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According to a study published in the American Journal of Emergency Medicine, physicians in one emergency room spent 44% of their time entering data in their electronic medical records (EMRs). In contrast, only 28% of their time was spent on direct patient care. Little wonder then, that most physicians are frustrated with EMRs, and are rapidly starting to resent them!
In this digital era, with the world being increasingly connected, EMRs are not just inevitable but also a necessity. For one thing, they keep information readily available and accessible, which has got to be a good thing for the healthcare industry as well as for physicians and patients. But then, why are these EMRs are being ridiculed and scorned almost universally?
There are a host of reasons that physicians or EMR users cite. Let’s take a look at the most prominent of them.
Foremost, is the amount of time that it takes them to fill data into the system. Most physicians find that entering data is a cumbersome and time-consuming process, which reduces patient face-time. Doctors admit that they lack the necessary keyboard skills, and mention that as the reason for data entry interfering with their patient time. Be that as it may, it still means that they find EMRs more of a hindrance than a help. This ultimately results in lower quality healthcare. So, what’s the alternative? The only option seems to be that physicians spend more time at work, and later spend that extra time filling up the forms. That, however, would add more working hours to an already taxing day. Eventually, this will also have an impact on the healthcare provided.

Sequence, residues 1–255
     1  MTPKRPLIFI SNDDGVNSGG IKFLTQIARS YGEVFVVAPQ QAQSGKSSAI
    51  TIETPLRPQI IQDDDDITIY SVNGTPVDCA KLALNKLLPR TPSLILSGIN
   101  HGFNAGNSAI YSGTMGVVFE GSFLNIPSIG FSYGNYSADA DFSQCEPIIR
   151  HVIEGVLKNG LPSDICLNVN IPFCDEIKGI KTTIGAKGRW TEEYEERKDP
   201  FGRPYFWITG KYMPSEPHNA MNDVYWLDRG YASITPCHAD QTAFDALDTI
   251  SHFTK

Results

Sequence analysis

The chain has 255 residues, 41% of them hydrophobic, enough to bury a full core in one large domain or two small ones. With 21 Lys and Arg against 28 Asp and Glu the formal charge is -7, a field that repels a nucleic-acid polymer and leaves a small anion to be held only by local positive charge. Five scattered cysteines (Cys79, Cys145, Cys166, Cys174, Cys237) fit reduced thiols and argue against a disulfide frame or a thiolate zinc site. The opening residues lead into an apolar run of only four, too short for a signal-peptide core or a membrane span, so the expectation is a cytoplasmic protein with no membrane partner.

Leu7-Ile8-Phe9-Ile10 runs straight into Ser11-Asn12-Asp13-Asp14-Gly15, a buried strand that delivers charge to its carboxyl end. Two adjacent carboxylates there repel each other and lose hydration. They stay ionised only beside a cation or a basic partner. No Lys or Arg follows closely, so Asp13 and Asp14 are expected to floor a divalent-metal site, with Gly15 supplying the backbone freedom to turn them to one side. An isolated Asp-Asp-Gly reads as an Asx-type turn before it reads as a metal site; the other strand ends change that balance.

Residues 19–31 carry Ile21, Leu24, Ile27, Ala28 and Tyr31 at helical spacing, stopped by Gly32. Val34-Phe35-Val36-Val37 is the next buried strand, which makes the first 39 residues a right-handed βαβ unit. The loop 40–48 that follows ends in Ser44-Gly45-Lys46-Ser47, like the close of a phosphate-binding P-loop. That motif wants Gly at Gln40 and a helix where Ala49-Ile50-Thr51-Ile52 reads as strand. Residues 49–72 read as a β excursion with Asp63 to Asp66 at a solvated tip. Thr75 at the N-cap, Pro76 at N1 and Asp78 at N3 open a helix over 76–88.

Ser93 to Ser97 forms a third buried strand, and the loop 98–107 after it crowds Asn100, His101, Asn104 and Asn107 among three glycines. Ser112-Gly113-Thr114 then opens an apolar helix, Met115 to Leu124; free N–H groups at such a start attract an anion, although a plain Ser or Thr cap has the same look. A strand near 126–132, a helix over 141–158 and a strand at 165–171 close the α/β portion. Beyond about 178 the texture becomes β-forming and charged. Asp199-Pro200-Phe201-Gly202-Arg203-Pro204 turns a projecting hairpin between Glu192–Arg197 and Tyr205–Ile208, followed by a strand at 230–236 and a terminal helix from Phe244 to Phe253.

Some physicians did use macros or templates to help in the cumbersome process of data entry. But, even this was not very helpful. After all, template-based notes are seen as having the potential for misuse. They are also considered a threat to both the quality of clinical care and professional satisfaction.
Another reason why physicians find EMRs frustrating is the user interface. Very often, the interfaces for the EMRs are counterintuitive at best and problematic at worst. The common grouse is that most EMRs do not follow the clinical workflow that physicians are used to. In some extreme cases, doctors have even had to redesign their workflow to accommodate the EMRs.
Add to that the fact that there are multiple EMRs for multiple specialties and practices, while almost none of them exchange information amongst themselves. This failure of EMRs to share and exchange information only means that time is unnecessarily spent on entering what amounts to duplicate data.
Further, EMRs invariably resulted in an information overload for the physicians. Most EMRs feature email alerts for doctors, and this has resulted in a voluminous increase in the quantum of messages reaching them, substantially more than anyone can hope to handle diligently.
Love them or hate them, EMRs are here to stay. It is nevertheless imperative that practitioners adopt EMRs rather than have them thrust on them. That can still happen by a shift in thought, rather than an extensive ground up rework of the whole system.
One could start with something as simple as not having physicians unnecessarily fill out the same data twice. Making all systems compatible will mean that patient data entered into one system can be easily imported into another. This will go a long way towards reducing the data entry burden.
This interconnected application will also mean that doctors need not spend time repeating the same documentation work, each time they have to do the same procedure.
Allowing voice recognition software to interface with the system will help doctors who have poor keyboard skills. They can just dictate their notes.
EMRs could see more widespread acceptance if the concept of healthcare becomes more ‘connected’.
Learn more about George Vijay, our Healthcare Informatics Evangelist.
Image Credit : jodi0327 on Flickr